The eucalyptus trees that line Pomerado Road in the San Diego suburb of Scripps Ranch don’t conjure up images of ice hockey for most people, but it’s home to twin brothers Ben Ivey and Jack Ivey who have each signed New Recruit forms and will be coming to Wenatchee for the 2021-22 season.
Players find the game in a variety of ways, but most often, someone in the family has played. For the Iveys, it was their cousin Sam, seven years older and with lots of hand-me-down equipment. The Iveys took to the ice at age 4 and were playing mini-mites by the age of 5. They were instantly hooked.
Since hitting the ice, Ben and Jack’s careers have shared the same path. They’ve played not only on the same teams, but also primarily play on a line together, including when they started playing roller hockey as well at the age of 9. In addition to ice and roller hockey, the Ivey brothers have enjoyed both soccer and lacrosse. Their high school roller hockey team has won 2 CIF State Championships the past two years.
It’s natural to expect twin brothers to have a bit of a natural rivalry. Ben says, “There is definitely a mutual ‘bragging right’ system between the two of us. Whether it be competing for who gets more goals during a tournament, or who can get more kills in a game of Fortnite, there has always been a healthy sibling rivalry to see who can do better.” Jack downplays it, saying “I wouldn’t say there’s a huge sibling rivalry. We don’t really have jealousy and we support and encourage each other.”
Wild Associate Head Coach Leigh Mendelson: “While Jack and Ben have good chemistry on the ice when they play together, they both have different individual attributes which will help them transition into Junior hockey. They both possess good intelligence and a very solid work ethic, and it’s been exciting to watch them the past few seasons and look forward to working with them and seeing them continue their path to being excellent NCAA prospects.”
Wenatchee GM Bliss Littler: “We have watched both Ben and Jack the past several years play for the Ducks organization and always come back impressed with the hockey smarts and skill level these two brothers have. They have turned themselves into a couple of the top U16 AAA players in the country. We look forward to working with them the next few years.”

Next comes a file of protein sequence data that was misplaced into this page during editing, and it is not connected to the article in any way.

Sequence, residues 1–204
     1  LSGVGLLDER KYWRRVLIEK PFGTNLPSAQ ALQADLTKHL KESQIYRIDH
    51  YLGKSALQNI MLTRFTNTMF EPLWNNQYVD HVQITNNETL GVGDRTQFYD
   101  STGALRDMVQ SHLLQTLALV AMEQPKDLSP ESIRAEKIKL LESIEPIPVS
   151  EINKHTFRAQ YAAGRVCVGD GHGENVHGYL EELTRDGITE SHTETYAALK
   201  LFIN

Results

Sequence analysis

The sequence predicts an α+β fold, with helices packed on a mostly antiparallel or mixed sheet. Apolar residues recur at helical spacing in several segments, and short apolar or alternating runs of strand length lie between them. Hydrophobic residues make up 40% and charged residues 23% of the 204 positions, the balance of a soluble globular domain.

Playing in their fourth season with the Anaheim Jr. Ducks program, the first thing one might notice is their size, with Ben at 6’3” 177 lb. and Jack at 6’2” 175 lb. Another difference becomes immediately apparent: Jack shoots righthanded and Ben’s a lefty. Other differences aren’t as obvious. Jack claims the Anaheim Ducks as his favorite NHL team, while Ben has gravitated to the Chicago Blackhawks. “When I was young, I watched the Blackhawks dynasty with Kane, Toews, and Seabrook. My Grandpa Mort is also a huge fan of the Blackhawks because he grew up in Chicago, and we talk about them together.”
Wenatchee Wild Head Coach Chris Clark: “We are extremely excited to be adding two players like Ben and Jack to our program. Both have skill, size, and an extremely high hockey IQ. Having seen their development the past few seasons with the Jr. Ducks program, we feel they are both ready to make the jump to junior hockey and are thrilled for it to be here in Wenatchee.”
Ben is the older of the twins by about 17 minutes. He identifies plenty of differences between the two brothers. “Such as Jack being a fruit person and I’m a vegetable guy, Jack’s favorite video game is Call of Duty and I enjoy playing Valorant, and Jack likes staying inside whereas I’m more of an outdoor person.” Jack points out they love completely different foods, have different favorites between their two cats, and they listen to different styles of music.
The Ivey’s long-range goals are generally aligned as well. Ben desires to advance to the NHL, get a college degree in Math and use that degree for a post-hockey career as either a sports analyst or statistician. Jack looks to play college hockey and eventually pro. When his playing career ends, he’d like to incorporate hockey in his new line of work.